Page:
Autologous stem cell transplantation is the standard salvage strategy for young and fit patients with Hodgkin lymphoma failing induction therapy, and is effective in nearly 50% of cases. The quality of response at transplantation is the most relevant prognostic aspect, as patients in complete response can obtain better outcomes. Therefore, first-line salvage treatments applied before transplantation need to produce high quality responses without excessive myelotoxicity and without affecting peripheral blood stem cell mobilisation. In this sense, the incorporation of new agents active in Hodgkin lymphoma, such as brentuximab vedotin and anti-programmed death 1 antibodies, in conventional regimens, may help to enhance complete remission rates. Working on conditioning regimen and applying a post-autologous consolidation treatment (for example with brentuximab vedotin) are two ways for improving transplant outcomes, particularly in patients displaying high-risk features for early relapse or progression. Allogeneic transplantation maintains its curative potential also in the era of new drugs, although its most correct timing and the most suitable sequence of post-autologous salvage treatments still remain to be determined.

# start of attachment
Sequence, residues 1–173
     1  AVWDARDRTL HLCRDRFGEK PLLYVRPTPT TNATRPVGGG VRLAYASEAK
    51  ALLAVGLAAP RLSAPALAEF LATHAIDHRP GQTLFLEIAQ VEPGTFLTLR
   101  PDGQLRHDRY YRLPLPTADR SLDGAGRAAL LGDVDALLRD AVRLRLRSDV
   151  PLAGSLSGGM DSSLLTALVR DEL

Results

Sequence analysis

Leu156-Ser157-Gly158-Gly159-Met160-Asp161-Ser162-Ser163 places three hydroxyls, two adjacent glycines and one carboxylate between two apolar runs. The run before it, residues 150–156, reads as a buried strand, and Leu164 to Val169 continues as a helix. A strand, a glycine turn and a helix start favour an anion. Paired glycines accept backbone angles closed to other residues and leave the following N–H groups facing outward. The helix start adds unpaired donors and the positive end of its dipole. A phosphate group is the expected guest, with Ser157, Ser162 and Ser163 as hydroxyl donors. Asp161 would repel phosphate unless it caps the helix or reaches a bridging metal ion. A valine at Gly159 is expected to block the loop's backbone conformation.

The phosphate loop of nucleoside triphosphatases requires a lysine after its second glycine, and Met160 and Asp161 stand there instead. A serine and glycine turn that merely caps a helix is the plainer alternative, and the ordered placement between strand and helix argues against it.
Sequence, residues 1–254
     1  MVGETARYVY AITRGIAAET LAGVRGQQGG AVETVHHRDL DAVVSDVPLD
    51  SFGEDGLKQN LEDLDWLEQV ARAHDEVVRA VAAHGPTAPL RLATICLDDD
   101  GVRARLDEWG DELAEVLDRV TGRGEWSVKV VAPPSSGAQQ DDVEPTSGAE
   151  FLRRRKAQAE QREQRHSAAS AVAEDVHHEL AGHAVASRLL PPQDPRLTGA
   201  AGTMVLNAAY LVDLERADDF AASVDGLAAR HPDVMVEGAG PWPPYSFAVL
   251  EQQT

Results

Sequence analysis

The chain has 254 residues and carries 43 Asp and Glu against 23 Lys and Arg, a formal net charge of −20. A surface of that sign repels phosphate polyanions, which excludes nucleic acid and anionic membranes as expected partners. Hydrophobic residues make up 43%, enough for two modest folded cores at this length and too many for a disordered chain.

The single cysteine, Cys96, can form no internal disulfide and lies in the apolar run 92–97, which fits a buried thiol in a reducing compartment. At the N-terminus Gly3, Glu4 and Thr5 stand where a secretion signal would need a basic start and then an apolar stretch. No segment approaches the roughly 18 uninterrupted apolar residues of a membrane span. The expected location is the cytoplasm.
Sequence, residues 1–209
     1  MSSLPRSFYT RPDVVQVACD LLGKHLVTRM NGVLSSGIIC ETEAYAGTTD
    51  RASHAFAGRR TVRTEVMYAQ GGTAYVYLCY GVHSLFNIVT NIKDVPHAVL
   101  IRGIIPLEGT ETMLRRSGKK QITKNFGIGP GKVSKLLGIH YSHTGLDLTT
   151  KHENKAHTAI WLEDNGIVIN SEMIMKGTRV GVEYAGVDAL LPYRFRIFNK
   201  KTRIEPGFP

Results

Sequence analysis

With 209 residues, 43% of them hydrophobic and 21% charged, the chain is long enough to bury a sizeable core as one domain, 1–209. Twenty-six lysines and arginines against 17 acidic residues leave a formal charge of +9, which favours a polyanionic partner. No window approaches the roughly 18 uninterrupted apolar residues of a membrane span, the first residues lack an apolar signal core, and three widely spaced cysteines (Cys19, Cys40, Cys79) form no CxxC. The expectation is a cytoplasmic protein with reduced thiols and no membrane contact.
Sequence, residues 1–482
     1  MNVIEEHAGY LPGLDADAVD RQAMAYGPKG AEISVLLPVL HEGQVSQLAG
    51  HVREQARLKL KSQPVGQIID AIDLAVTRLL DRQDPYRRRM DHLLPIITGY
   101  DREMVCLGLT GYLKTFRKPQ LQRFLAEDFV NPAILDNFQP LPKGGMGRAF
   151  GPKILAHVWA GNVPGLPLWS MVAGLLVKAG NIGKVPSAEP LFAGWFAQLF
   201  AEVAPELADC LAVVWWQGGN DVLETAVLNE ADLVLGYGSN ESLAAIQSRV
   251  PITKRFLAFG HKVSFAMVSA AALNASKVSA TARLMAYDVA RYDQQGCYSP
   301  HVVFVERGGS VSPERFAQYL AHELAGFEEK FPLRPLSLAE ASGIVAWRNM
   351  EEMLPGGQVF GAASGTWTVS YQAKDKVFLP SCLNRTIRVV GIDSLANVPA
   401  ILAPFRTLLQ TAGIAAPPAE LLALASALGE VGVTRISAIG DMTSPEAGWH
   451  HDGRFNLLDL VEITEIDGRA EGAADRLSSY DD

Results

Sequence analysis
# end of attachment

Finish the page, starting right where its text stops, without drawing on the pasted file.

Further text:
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http://dx.doi.org/10.1111/bjh.15639DOI Listing
January 2019

The unique biology and treatment of primary mediastinal B-cell lymphoma.

Best Pract Res Clin Haematol 2018 09 3;31(3):241-250. Epub 2018 Jul 3.

Institute of Haematology "L. e A. Seràgnoli", Via Massarenti, 9, 40138, University of Bologna, Bologna, Italy. Electronic address:

The unique biological features of primary mediastinal large B-cell lymphoma are offering suggestions for the development and application of innovative drugs in patients who do not respond to first-line regimens or relapse. This lymphoma, in fact, is characterised by high rates of curability with standard anthracycline-containing chemoimmunotherapy regimens, but still displays a severe prognosis if adequate responses are not rapidly achieved or if the disease recurs. Radiotherapy has proved to be effective to consolidate responses after induction, but it may be safely avoided in certain cases, especially when a metabolic complete response is obtained, as to reduce the incidence of radiation-induced long-term sequelae. The current management of this lymphoma, both at diagnosis and at relapse, is reviewed in this paper, along with the description of its peculiar biological panorama.